ELANGESWARAN BENEDICT, 24, committed suicide in Kuala Lumpur in June and his body was sent for post mortem. His family was later told they could not claim his body for burial as he had converted to Islam.
The family set out to challenge the Syriah Court but religious authorities jumped the gun and obtained a declaration from an Islamic religious court and buried the man on the morning the matter was to be debated at the High Court.
The family is outraged over the way the case has been handled and are thinking of filing a contempt of court application against the Syriah Court. They are hoping to get back the man’s body so they can cremate him according to Hindu rites.

HARI SEVUGAN, a lawyer turned communications professional, has been inducted into Barack Obama’s team to handle media relations as the race for the White House enters its final phase.
Sevugan works as senior spokesman of the presumptive Democrat nominee and reports to Robert Gibbs, the communications director of the campaign. Sevugan was the communications director of senator Chris Dodd till he bowed out of the Democratic race.
He graduated from the University of Illinois, majoring in political science and finance.

THE GUILDFORD Crown Court convicted Nicky Chequer 19, for causing grievous bodily harm to caterer Sanjeev Subramanian at a party in Surrey last year to celebrate the birthday of Cydney Chopping, after the celebrations turned into a riot when the girl’s father made racial comments in front of 150 guests.
During the fracas a glass was smashed in Subramanian’s face by Chequer and the mob yelled to him to go back to the bush!
Cydney 19, accused her father Mark Chopping, a carpet dealer, of causing trouble with racist jokes.
When Subramanian arrived at the party he was greeted by Chopping with words such as “it’s £4 for blacks and £2 for whites” and he continued to make racist comments over the microphone.
Chequer fled the scene leaving Subramanian with severe facial injuries.
The police only investigated the assault after Subra-manian’s local MP Paul Burstow intervened on his behalf a month later.
Subramanian told the court: “I had my face hanging off, you could see my cheekbone and I was covered in blood and a policeman came up to me and said you can leave it at that. I thought they would take it more seriously than that. Even the paramedic looked shocked.” 
Racism is ugly head once again reared up in the U.K.


BOLLYWOOD SINGER Kumar Sanu brought the 23rd annual North American Bengal Conference (NABC) alive in Toronto with his high-voltage performance. By belting out his hit Bengali and Hindi numbers, the playback singer provided a befitting finale to the North American Bengali mega-show which came to town after 10 years.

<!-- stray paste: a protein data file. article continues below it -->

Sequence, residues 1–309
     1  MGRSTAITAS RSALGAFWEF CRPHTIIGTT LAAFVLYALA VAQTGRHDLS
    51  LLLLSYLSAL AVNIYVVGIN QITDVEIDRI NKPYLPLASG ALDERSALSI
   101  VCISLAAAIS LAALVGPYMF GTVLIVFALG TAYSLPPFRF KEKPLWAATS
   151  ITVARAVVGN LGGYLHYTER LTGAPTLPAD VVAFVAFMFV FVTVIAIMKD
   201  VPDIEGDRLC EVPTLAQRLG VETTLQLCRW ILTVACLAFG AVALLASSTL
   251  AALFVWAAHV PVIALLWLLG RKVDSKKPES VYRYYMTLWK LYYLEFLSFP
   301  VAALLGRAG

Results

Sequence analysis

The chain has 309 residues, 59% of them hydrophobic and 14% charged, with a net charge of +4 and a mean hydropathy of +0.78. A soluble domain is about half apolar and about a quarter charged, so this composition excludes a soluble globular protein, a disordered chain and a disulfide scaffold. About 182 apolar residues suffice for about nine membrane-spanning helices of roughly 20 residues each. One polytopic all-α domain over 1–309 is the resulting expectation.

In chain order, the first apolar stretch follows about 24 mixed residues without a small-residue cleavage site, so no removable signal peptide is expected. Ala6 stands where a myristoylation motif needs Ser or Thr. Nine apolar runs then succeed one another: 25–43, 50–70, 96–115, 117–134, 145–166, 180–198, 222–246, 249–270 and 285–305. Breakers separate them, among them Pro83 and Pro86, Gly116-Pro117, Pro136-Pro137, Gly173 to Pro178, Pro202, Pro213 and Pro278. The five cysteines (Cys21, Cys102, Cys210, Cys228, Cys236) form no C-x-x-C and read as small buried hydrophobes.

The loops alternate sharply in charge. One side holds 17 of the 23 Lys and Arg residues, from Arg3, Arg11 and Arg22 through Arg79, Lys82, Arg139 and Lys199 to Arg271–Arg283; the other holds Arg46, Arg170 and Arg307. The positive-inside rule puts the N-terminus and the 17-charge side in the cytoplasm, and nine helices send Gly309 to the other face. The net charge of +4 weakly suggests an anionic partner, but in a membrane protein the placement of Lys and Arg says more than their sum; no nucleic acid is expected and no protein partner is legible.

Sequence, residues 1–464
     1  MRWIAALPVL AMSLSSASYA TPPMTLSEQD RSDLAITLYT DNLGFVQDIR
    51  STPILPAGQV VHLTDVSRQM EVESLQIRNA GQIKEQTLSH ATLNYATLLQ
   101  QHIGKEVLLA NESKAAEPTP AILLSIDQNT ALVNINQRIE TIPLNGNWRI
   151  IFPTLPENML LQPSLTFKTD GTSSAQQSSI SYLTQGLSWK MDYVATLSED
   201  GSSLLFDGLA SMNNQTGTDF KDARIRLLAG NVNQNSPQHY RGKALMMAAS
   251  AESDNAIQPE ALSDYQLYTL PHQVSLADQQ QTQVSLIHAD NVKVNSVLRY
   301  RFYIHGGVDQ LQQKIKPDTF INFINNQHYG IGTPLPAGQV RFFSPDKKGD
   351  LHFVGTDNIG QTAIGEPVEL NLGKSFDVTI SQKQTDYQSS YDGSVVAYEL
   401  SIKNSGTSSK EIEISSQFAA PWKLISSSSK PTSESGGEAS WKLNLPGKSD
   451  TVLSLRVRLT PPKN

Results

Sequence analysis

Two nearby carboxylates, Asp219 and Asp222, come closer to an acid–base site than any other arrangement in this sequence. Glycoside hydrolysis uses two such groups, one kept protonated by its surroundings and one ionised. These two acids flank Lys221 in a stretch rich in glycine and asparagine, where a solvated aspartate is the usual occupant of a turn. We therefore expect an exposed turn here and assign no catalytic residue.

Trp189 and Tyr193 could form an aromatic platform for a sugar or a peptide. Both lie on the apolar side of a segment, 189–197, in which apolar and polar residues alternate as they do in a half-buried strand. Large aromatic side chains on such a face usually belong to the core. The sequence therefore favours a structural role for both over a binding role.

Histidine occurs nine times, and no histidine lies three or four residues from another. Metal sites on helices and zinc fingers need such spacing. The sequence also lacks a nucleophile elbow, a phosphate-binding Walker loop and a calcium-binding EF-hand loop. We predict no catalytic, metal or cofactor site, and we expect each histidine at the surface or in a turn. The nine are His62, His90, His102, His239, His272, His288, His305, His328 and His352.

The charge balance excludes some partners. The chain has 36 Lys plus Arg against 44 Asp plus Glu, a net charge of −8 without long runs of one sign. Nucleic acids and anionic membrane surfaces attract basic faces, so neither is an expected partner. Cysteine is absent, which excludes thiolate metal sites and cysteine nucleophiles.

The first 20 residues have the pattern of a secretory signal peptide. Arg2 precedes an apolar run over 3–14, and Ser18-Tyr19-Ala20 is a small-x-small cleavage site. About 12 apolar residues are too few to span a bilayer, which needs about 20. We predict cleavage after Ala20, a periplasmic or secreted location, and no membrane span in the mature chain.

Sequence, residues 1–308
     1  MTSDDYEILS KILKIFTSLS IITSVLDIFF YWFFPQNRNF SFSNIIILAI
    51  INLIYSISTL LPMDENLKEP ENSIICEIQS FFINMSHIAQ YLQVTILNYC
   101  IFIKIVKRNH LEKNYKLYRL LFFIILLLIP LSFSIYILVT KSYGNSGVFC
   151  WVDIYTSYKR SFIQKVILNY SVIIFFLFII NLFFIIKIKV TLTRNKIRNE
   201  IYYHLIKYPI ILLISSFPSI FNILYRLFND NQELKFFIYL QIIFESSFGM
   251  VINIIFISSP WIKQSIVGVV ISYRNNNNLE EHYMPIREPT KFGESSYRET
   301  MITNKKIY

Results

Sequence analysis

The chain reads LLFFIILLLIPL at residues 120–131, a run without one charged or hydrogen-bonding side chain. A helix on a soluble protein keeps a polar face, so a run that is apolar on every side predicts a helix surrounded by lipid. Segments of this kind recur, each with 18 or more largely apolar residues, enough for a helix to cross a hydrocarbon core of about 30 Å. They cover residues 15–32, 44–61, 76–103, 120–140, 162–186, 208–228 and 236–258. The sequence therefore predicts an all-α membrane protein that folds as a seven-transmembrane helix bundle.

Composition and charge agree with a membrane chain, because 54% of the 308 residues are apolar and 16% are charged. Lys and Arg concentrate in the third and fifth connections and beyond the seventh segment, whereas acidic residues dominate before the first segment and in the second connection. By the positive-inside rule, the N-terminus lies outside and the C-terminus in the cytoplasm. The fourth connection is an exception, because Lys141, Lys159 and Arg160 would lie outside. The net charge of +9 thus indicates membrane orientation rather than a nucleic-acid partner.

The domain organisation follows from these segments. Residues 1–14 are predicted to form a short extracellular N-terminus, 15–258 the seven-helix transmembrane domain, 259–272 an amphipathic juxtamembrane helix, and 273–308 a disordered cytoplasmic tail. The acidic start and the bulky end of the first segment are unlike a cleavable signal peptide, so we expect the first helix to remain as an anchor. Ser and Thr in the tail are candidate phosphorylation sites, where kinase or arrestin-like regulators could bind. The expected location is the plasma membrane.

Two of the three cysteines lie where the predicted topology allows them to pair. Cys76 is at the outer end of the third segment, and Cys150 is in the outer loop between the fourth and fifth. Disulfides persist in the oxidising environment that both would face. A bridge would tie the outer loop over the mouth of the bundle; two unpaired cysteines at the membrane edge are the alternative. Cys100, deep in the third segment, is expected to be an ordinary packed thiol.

The highlight of the last day of the three-day conference was NextGen events. 
Under the event called Ice Breaker, second-generation Bengali youth met with one another to network. 
Under Speed Dating, they were encouraged to know the opposite sex to find, if possible, their perfect match.
“Our aim is to reconnect our second generation with their Bengali roots. We are happy that about 20 per cent of our participants this year were below 20 years of age, showing they want to reconnect with Bengal," said conference co-chair Ganadev Sinha.
“There is now more interest in Bengali performing arts among our people here. We estimate that Bengali artists in North America accounted for about a third of all the cultural presentations at the conferences," he said.
Sinha said about 65 per cent of their sponsorships came from India-based groups and corporates. “They want to tap the Bengali diaspora."

SUBRATA ROY of the University of Florida has designed a plasma-propelled flying saucer. He has submitted a patent application for a circular, spinning aircraft reminiscent of the spaceships in Hollywood films. He calls it a “wingless electromagnetic air vehicle,” or WEAV.
The proposed prototype is small—less than six inches across—and will be powered by on-board batteries. The propulsion system for Roy’s saucer sprouts from his extensive US air force-funded plasma actuator research.
Roy says the design can be scaled up and should work in a much larger form. In miniature, the design has many uses. “The most obvious functions would be surveillance and navigation,” he says.

BRITAIN’S FOREMOST human rights advocate Shami Chakrabarti figures among the top 10 most powerful lawyers in The Times’ annual list of the Top 100 club. She also topped the ‘most powerful’ lawyer list in the UK.
This is another feather in the cap for Chakrabarti, who is already considered among the top 50 most powerful people in Britain. Knighted by the Queen for her contribution to law and human rights in 2007, she beat Tony Blair and David Cameron in a 2006 vote for Britain’s most inspiring figures. In 2005, she was on the BBC’s shortlist of the 10 people who may run Britain. 
She currently heads one of the world’s best known human rights organisations, Liberty.